Last night I went with some friends to see Pan’s Labyrinth. We were looking forward to the film because it promised something different — a macabre fairy tale about a girl who retreats to a fantasy world in order to deal with her difficult Spanish-Civil-War circumstances. We were hoping for a film with real teeth, depth — something compelling for an adult audience.
What we got was boredom. Every one of us walked out of that movie bored. It was predictable, mechanical, and just didn’t hold interest. The story is gruesome for gruesome’s sake, or rather, for the sake that del Toro seems to have no ability to engage the audience’s emotion except through repulsive imagery.
Pan is really two movies — one about a girl and her imagination, one about people fighting the Spanish Civil War. The latter is a rote resistance-from-within war movie, with an evil ruthless captain, rebels, supporters of the resistance operating on the inside, and no heart. The former is about a remarkably self-centered girl striking out on various quests, often behaving so stupidly that it’s hard to have sympathy with her plight.
In the same way I’m appalled at the critical accolades bestowed upon Letters from Iwo Jima (another boring, rote movie), Pan’s Labyrinth has received almost unanimously glowing notices. Have critical notices always been so off? I suspect that, like I said with The Descent, people who watch movies for a living are exposed to so much utter crap that anything which doesn’t just outright suck is lauded.
What’s troubling for me is that given how bored I was with Iwo Jima and Pan, I’m fearing going to the theaters to see anything. I’m interested in Children of Men, but fear it will be just as boring. The Pacific Film Archive here in Berkeley is showing an Ernst Lubitsch retrospective. Now there, I can’t go wrong…
I couldn’t agree with you less about Pan’s Labyrinth. On the one hand, the story does unfold in a calculated and schematic pattern, yet you never know where it is going. Del Toro uses some gorgeous cinematography, beautifully defined and enacted characters and evocative special effects to carry us on a somewhat predictable sightseeing trip to an unexpected powerful and heart-breaking journey’s end.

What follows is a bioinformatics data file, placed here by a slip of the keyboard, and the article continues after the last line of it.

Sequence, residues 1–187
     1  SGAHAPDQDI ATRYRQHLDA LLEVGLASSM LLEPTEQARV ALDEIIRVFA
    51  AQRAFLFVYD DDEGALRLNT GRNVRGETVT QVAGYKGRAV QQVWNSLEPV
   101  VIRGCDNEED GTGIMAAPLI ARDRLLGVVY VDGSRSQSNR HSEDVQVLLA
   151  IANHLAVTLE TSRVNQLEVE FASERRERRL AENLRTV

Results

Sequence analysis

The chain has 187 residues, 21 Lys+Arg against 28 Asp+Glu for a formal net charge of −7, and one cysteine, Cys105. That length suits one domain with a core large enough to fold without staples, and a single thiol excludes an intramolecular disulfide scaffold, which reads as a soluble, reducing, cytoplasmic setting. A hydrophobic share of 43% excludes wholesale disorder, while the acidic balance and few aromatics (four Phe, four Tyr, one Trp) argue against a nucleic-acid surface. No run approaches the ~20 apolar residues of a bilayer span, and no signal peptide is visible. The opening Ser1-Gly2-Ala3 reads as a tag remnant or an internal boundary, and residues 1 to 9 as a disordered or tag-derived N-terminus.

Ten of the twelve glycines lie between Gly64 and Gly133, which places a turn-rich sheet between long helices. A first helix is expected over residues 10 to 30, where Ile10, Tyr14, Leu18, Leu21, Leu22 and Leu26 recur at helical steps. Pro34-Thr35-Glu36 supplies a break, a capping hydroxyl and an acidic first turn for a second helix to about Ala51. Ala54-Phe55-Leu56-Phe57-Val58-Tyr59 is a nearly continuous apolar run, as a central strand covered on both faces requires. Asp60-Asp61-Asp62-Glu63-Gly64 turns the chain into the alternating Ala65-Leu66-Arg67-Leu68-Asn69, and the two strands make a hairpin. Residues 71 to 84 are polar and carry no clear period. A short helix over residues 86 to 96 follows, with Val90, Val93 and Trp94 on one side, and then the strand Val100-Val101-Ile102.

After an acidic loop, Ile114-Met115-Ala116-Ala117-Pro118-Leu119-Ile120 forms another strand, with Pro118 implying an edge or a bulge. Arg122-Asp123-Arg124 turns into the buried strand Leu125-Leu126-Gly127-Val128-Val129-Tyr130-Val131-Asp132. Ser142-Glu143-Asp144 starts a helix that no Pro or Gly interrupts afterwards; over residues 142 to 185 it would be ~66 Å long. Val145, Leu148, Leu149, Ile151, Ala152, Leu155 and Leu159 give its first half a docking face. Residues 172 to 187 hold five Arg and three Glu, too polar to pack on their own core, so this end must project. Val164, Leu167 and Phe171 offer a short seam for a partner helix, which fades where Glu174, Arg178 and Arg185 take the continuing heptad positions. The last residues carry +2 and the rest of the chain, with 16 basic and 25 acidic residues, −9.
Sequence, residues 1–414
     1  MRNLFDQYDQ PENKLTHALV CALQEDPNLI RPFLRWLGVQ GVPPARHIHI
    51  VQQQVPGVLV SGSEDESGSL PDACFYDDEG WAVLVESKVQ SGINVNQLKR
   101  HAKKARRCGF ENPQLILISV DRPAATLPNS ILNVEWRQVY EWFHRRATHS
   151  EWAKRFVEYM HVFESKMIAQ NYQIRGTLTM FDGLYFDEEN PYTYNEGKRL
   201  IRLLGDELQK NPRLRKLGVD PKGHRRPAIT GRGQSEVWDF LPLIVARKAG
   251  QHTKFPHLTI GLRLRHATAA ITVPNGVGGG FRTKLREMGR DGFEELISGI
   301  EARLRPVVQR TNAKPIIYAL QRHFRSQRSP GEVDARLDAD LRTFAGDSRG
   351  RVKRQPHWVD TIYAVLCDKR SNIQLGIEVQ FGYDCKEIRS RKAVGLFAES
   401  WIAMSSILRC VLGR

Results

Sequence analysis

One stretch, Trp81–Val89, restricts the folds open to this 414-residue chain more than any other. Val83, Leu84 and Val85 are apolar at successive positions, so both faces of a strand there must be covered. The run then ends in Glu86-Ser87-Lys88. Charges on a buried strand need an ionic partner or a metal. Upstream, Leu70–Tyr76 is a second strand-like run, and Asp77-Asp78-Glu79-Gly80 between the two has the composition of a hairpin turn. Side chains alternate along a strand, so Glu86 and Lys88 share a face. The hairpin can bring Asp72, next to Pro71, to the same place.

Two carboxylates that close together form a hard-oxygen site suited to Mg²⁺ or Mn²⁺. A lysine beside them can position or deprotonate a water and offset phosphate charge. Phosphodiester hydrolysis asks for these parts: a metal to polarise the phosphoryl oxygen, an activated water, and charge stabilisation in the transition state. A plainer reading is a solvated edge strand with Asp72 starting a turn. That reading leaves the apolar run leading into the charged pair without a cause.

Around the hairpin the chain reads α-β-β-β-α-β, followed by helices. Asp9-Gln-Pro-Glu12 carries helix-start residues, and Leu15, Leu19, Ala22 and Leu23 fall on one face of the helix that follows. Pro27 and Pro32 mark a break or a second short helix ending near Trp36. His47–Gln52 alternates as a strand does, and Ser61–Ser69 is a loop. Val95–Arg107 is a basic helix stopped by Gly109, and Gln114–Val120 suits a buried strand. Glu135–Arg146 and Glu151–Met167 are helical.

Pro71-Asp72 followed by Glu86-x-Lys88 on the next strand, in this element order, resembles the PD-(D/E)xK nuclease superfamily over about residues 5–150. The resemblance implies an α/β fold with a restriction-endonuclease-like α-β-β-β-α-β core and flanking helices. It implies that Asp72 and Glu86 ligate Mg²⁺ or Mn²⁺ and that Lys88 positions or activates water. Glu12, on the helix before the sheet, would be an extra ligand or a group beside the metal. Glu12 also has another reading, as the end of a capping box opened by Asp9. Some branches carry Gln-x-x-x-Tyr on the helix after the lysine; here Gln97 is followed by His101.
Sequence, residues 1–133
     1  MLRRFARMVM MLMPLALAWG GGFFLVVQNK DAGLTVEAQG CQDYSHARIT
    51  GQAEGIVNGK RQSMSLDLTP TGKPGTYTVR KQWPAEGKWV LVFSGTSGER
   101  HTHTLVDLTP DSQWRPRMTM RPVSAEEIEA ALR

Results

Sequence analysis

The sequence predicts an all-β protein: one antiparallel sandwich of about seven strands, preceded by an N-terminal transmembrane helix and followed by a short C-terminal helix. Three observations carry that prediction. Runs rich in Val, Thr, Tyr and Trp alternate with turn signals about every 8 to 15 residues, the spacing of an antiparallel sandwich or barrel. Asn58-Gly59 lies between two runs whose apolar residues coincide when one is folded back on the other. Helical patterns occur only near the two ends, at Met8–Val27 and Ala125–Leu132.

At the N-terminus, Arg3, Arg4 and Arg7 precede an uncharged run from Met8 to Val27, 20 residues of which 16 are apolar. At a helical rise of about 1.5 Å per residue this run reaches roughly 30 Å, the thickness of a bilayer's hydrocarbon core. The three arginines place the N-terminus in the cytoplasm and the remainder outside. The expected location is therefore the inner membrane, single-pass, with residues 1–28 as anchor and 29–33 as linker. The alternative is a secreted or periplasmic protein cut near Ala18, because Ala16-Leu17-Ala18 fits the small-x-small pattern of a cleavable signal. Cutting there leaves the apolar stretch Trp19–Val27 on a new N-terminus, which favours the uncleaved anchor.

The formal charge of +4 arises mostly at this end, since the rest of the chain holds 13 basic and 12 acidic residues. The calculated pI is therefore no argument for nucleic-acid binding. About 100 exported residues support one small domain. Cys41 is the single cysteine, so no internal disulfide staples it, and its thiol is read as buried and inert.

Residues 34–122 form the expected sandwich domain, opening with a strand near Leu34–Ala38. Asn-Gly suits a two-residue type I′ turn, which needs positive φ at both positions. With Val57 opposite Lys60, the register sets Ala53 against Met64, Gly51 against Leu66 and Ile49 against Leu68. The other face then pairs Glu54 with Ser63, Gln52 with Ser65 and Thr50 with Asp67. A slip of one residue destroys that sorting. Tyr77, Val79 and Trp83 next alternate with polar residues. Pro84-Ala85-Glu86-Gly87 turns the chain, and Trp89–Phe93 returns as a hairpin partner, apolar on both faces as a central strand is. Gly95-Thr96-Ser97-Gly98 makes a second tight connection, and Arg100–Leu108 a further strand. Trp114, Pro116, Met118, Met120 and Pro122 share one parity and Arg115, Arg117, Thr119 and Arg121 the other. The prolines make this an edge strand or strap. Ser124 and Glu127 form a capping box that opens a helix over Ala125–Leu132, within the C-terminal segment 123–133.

And no way is this two movies. It is one story in one movie. Since you begin your comments by describing your screening as a group experience, with strongly defined group expectations. I will point out again that this is not the best way to see a film. Being part of a viewing clique is not the same as being part of an audience. The fact that you and your friends were all equally bored suggests to me that none of you really had a personal experience with the movie. And that is your loss. In needing to be with each other for this screening, it seems that none of you were with the movie, at least not enough to see and feel the pathway to Del Toro’s singular vision.
A movie is not a feast. Take your friends and your high expectations to a good restaurant. Sharing good food is a desirable group experience. And if somebody doesn’t like the mussels in black bean sauce, somebody else will.
And while PL is not a great film, I am glad I took a chance to drop in on it, by myself, yesterday. I was never bored. I was terrifically impressed with the acting, intellectually intrigued by fantasy creatures and ultimately profoundly moved, even shaken by the fatal results of the depeicted selfishness, stupidity and cruelty.
Still, you might ask “what’s it all about?” Mightn’t you?
Children of Men is anything if not boring, but the story is very, very simple. The direction and special effects though, are breathtaking. I’ve also recently really enjoyed The Good Shepherd.
Speaking of crap, have you seen what’s been nominated for Oscars today? The Queen? Ridiculous.
Hope you’re well.